Back to Tarantino. Along with his apparent propensity for violence, he is known for taking parts of a film's plot and mixing them up at the expense of linear progression for the sake of scene construction and character-building. When we see the first chapter heading, I think some could be excused for expecting the next 'chapter' to jump ahead only to have the one following jump back. However, the plot unfolds linearly, and the pacing of the story never feels schizophrenic or even rushed. As in all of his films, Tarantino leaves his scenes long, focusing us on the characters and the situations rather than the action or spectacle. Scenes of violence, in Inglorious Basterds, are handled with brutal speed and visceral cutting, and it never feels as if Tarantino is lingering on the violence for the sake of the violence. Instead, the violence happens, as it does in war, and we move on. The violence is a means to an end, rather than an end in and of itself. While Tarantino is no stranger to violence being its own end, with Grindhouse under his belt, here as in some of his other films the violence is treated with brevity so that we can focus on perhaps the strongest aspect of his filmmaking: the characters.

Courtesy Universal
This could be Brad Pitt's funniest accent performance since Snatch.

With characters come dialog. Sometimes you can get away with establishing and building characters without it; Wall-E and Up being the best examples in recent memory. However, Tarantino is known for his dialog as much as he is for violence, if not moreso. Here, he definitely focuses on the words spoken by these characters, rather than simply their actions. Eli Roth's Sgt. Donowitz is a bit of an exception, as he conveys a great deal without speaking, but he's still part of an intricate network of characters who all have something to say. Even minor characters, like the farmer we meet in the beginning of the film and the refugee's assistant in the cinema, are given tightly-written, well-acted dialog that helps draw us into the experience. Despite the overarching theme of the film, and the ways in which the Basterds exemplify it, the characters never feel artificial or cardboard. They feel real.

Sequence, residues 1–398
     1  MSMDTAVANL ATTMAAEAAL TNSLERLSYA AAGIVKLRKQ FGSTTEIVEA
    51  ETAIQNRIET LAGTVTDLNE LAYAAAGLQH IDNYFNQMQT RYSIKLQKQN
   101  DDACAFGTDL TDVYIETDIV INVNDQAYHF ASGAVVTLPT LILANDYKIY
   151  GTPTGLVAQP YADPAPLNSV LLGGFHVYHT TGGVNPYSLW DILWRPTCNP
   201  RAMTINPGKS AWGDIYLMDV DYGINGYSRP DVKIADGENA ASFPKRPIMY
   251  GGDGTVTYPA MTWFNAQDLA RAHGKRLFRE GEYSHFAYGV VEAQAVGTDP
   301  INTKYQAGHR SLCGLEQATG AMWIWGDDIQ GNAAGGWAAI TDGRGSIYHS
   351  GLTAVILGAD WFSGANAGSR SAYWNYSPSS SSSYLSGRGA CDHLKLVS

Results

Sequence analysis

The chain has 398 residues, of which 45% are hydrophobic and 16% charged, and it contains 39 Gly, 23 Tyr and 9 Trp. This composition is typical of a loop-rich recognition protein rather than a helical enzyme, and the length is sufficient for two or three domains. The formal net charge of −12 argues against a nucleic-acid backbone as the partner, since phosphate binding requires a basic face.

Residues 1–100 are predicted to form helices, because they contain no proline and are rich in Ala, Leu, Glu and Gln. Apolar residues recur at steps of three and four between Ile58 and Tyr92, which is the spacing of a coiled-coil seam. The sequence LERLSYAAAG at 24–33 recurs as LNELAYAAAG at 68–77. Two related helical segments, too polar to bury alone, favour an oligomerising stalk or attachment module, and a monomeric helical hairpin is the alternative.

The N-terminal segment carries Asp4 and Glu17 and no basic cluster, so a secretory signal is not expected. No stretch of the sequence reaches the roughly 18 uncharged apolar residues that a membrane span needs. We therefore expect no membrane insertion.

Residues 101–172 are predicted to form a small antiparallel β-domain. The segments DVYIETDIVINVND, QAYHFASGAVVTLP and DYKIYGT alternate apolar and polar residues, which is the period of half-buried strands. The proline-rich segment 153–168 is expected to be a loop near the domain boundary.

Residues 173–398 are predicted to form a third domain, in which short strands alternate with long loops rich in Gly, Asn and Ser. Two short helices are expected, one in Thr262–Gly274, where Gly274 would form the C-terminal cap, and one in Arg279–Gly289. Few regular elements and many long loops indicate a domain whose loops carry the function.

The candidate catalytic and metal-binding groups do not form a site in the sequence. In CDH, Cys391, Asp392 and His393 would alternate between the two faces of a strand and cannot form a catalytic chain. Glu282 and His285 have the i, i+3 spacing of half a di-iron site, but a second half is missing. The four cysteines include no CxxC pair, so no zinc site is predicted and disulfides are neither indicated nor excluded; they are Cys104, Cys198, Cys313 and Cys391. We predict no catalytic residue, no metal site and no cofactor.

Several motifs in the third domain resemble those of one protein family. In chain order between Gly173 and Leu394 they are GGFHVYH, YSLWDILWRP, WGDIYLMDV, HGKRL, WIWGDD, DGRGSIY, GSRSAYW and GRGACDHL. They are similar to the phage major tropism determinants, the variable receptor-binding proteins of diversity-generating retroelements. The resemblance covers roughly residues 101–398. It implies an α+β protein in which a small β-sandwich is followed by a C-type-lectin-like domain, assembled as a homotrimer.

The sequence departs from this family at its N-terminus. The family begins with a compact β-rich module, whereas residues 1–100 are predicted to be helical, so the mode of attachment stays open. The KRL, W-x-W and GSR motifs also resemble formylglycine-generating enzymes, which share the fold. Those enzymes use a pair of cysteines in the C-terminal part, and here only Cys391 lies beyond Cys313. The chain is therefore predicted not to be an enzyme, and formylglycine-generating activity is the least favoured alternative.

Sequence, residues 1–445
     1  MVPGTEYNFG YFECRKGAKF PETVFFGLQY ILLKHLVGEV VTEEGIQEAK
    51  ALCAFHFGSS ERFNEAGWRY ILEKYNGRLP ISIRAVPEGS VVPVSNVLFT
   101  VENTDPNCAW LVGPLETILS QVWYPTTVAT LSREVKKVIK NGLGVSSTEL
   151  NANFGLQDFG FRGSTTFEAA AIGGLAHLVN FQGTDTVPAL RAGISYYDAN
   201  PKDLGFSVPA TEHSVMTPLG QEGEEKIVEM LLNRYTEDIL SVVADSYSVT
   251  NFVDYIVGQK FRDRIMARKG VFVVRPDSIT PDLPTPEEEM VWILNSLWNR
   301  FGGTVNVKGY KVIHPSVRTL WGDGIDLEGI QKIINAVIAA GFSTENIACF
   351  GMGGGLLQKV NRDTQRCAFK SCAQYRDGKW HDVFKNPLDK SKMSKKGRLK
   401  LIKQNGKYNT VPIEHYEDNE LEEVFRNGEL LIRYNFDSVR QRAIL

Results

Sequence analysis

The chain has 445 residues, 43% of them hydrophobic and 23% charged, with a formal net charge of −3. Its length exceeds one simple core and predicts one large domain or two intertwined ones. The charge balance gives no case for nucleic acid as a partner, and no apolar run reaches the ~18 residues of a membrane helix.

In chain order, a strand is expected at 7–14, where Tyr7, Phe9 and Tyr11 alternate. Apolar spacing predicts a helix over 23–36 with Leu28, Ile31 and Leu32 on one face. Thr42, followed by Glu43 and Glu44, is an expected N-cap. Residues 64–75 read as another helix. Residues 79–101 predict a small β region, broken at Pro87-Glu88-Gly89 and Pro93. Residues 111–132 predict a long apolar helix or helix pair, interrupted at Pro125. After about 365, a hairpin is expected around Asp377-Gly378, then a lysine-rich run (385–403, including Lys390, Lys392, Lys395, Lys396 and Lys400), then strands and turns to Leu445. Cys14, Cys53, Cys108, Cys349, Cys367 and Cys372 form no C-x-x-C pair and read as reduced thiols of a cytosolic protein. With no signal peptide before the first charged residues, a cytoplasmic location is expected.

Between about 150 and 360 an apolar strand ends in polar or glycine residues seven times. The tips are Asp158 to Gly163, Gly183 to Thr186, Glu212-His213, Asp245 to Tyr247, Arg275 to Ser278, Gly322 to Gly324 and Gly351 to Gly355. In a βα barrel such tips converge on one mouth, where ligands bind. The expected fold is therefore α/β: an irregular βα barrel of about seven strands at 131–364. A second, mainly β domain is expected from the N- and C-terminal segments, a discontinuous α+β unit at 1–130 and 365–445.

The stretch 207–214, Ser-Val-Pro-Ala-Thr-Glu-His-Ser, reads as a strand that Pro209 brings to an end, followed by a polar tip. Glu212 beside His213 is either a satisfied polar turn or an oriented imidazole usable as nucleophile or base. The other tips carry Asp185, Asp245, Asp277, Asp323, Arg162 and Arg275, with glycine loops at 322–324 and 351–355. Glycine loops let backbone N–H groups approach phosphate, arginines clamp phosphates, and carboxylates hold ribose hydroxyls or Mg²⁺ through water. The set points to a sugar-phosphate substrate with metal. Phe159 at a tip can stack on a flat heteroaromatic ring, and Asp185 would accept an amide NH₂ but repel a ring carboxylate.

MovieBob has already discussed what I'm about to bring up at length, so let me just touch on it and then tie it into how I began this review. Quentin Tarantino, a man who's never been ashamed of his deep love for film of all forms but especially for "lower" forms of the medium, has created a movie that is, among other things, a treatise on the power of movies. The Basterds especially show us what sort of people are inspired by the macho heroes often shown battling evil with their bare fists on the silver screen. The naive young Nazi war hero played by Daniel Brühl comes from the other end of the spectrum, a man haunted by what he's done on the battlefield but willing to serve as that sort of macho inspiration to his country in Goebbels' film. In the midst of the audience cheering his exaggerated exploits, he is visually disturbed by both what he's seeing in the final cut and how people are reacting to it. With these characters, along with the German double-agent movie star, the British special ops soldier who's also a published film critic, and all of the references to the films of the late 30's and early 40's, Tarantino makes the mission statement of Inglorious Basterds perfectly clear.